Similarly, if you are doing AMRAP back squats to failure, your form might start to break down so that you can eke out more reps to beat your previous best score to land on the CrossFit leaderboard with an impressive number of reps. 

This may cause injuries to your knees, hips, ankles, back, or any of the musculotendinous structures or bones in your body.

Repetitive exercise, particularly when your body is under a load or exerting force to lift a load, can increase the risk of injury when you perform your sets to failure.

Muscle fibers have a certain capacity, as do joints, tendons, bones, and other connective tissues.

You can get an acute injury if you try to push through a rep when some tissue has reached its capacity or if you use poor form because you’ve reached neuromuscular fatigue.

A group of people doing Renegade Rows.

CrossFit can also cause overuse injuries such as tendinitis, bone stress injuries, and shin splints from the repetitive nature of any of the workouts.

One of the risks of injuries from CrossFit also has to do with the competitive nature of CrossFit classes.

Whether you like to compete with yourself and you are trying to set a PR or better your performance in a previous workout, or you are trying to set a record among the other class members of your gym, there is a fairly inescapable competitive spirit to CrossFit.

Competition isn’t inherently bad; it can push you to perform your best and not back off when the workout is tough. In this way, one of the benefits of CrossFit is that you might be able to achieve better performance than you would with a less structured workout or in a lackadaisical environment. 

The harder you work—to some degree—the greater your gains in strength and fitness.

However, things can be taken too far, which can lead to the potential dangers of CrossFit workouts. We often let our competitive spirit override the logical side of our brain or the physical cues that our bodies are sending us that indicate that we need to stop or slow down.

When we ignore these signals and get caught up in rivalries or our own personal best, the risk of injury and overtraining increase significantly.

For this reason, studies have found that the risk of injuries with CrossFit may be higher than with traditional weightlifting due not only to the high-intensity nature of CrossFit training but also the atmosphere that causes participants to potentially push themselves too hard.

A person doing a deadlift.

#4: CrossFit Workouts May Lend Themselves to Overtraining 

This point is rather subjective, and there is not much evidence to substantiate it.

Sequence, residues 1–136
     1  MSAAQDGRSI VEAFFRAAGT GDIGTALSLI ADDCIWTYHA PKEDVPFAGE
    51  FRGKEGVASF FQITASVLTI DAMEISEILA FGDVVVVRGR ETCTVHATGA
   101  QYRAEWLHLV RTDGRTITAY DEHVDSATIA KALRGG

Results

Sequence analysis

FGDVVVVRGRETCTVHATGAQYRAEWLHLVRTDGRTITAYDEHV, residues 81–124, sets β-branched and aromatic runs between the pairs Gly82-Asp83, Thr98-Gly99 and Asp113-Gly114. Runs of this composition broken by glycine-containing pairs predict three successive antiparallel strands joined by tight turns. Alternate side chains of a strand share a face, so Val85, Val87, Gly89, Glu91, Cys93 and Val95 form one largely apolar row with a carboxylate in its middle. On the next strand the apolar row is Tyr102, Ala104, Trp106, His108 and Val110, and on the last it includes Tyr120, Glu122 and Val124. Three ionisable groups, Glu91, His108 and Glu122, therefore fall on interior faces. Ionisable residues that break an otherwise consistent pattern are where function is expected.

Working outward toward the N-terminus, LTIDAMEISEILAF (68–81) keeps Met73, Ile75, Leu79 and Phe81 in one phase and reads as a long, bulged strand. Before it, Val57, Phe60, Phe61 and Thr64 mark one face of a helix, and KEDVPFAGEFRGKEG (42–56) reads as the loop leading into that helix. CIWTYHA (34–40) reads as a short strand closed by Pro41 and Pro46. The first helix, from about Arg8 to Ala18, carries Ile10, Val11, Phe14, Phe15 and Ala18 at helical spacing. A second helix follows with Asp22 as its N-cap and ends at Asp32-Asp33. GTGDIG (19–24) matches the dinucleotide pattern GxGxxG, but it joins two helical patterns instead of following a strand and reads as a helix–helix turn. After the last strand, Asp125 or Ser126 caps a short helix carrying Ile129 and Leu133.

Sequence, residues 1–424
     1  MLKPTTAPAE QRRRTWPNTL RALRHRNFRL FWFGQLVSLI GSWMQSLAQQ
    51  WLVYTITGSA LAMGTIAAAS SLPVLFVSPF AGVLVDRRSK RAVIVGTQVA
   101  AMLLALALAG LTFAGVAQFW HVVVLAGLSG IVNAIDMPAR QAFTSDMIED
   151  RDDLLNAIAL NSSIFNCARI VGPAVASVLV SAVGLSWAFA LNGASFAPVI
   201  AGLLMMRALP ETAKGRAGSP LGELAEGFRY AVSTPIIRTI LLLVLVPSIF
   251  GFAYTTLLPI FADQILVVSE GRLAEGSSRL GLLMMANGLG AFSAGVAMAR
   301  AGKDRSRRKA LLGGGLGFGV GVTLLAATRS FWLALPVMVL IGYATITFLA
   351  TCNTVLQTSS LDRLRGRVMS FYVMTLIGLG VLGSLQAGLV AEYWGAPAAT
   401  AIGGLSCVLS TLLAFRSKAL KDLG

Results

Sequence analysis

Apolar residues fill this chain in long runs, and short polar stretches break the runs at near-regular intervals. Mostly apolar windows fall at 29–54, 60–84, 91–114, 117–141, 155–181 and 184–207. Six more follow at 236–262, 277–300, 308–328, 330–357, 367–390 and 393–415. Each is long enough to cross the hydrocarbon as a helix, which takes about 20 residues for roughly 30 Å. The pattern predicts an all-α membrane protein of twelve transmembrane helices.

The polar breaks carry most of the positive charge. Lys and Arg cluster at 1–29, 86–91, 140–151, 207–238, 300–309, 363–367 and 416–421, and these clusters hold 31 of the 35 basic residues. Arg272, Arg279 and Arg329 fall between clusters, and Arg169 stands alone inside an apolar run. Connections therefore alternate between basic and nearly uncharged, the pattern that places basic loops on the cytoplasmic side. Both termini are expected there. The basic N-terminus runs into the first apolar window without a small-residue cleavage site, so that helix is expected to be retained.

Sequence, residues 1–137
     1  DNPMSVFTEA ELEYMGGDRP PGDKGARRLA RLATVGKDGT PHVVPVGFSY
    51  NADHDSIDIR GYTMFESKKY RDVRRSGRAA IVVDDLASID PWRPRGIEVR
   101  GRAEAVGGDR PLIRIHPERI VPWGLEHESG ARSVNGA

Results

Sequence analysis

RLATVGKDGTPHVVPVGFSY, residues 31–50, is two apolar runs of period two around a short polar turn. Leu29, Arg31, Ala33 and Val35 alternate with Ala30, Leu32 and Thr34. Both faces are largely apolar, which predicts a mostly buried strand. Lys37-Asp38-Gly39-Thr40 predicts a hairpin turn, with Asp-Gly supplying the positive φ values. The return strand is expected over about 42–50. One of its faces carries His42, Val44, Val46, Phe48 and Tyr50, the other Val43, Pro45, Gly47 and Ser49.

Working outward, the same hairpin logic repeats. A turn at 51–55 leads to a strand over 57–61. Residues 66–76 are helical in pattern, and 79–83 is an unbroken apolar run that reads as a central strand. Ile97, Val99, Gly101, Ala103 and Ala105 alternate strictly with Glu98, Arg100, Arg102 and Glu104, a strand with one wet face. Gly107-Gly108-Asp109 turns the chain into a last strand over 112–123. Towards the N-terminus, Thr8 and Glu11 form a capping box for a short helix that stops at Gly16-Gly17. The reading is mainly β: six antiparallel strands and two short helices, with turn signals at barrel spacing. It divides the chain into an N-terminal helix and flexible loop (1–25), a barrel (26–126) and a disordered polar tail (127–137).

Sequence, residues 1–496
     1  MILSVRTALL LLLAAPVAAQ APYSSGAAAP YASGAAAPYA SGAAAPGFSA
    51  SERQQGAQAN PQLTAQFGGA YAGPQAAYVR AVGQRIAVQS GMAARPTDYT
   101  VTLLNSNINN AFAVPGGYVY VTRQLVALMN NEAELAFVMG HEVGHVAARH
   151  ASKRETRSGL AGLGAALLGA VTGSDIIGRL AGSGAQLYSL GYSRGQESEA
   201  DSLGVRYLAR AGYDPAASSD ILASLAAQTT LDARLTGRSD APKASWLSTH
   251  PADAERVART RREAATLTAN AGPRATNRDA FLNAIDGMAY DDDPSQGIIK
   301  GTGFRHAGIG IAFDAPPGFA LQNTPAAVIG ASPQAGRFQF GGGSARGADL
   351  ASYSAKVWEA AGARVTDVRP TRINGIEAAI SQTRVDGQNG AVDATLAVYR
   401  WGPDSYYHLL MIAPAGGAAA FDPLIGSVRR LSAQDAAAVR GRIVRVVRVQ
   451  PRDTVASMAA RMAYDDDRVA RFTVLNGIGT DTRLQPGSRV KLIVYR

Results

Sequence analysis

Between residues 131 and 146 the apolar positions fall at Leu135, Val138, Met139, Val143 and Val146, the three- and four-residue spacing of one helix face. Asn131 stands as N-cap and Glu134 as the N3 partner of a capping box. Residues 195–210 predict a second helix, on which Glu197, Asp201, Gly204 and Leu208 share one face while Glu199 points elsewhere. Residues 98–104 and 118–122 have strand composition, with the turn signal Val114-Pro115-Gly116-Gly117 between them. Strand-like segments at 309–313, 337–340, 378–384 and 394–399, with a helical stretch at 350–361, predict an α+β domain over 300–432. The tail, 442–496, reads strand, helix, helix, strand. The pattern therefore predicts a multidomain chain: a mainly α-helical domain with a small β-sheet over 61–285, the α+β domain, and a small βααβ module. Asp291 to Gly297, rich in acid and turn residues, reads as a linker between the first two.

However, many people who start CrossFit workouts fall in love with the style of training and the community aspect provided by the CrossFit gym.

If you attend a gym that has unlimited CrossFit classes with your membership, you might end up doing too many CrossFit workouts per week without giving your body adequate rest.

This can lead to overtraining syndrome and will increase your risk of injuries.

While it can be great to do CrossFit a couple of times per week, studies have found that people who train more frequently with CrossFit workouts are at an increased risk of injury.

For example, one four-year study examined the incidence of CrossFit injuries and found that 30% of CrossFit participants dealt with some sort of musculoskeletal injury in the previous 12 months.

CrossFit athletes who trained between three and five days a week were at the highest risk of injury compared to those who did fewer CrossFit workouts per week.

A person doing a box jump.

Tips to Make CrossFit Safer

Here are a few tips to help reduce the risks of CrossFit so that you can enjoy the benefits while helping mitigate the potential dangers of CrossFit workouts:

  • Work with a knowledgeable coach and make sure that you have mastered the proper technique for all of the key CrossFit exercises in a workout before trying to blast through them at a high intensity and fast speed.
  • Keep your workout routine varied so that you only do CrossFit training 1 to 3 times per week with other lower-impact, lower-intensity workouts on other days.
  • Work to correct strength imbalances and deficits that you identify.
  • Always focus on form and technique over speed, weight, and reps.
  • Progress slowly both in terms of the frequency with which you are doing CrossFit workouts as well as the weights that you are using, the difficulty of the exercises, and the rigors of the CrossFit class you are taking.
  • Modify exercises and work out when necessary if you cannot properly or safely perform a movement.
  • Listen to your body rather than get caught up in competition with yourself and others.

So, is Crossfit good for you or bad for you? If you feel like the pros of CrossFit outweigh the cons, and you want to give CrossFit a try, check out our guide to the best beginner CrossFit exercises here.

People on plyo boxes giving each other a high five.
Photo of author
Amber Sayer is a Fitness, Nutrition, and Wellness Writer and Editor, as well as a NASM-Certified Nutrition Coach and UESCA-certified running, endurance nutrition, and triathlon coach. She holds two Masters Degrees—one in Exercise Science and one in Prosthetics and Orthotics. As a Certified Personal Trainer and running coach for 12 years, Amber enjoys staying active and helping others do so as well. In her free time, she likes running, cycling, cooking, and tackling any type of puzzle.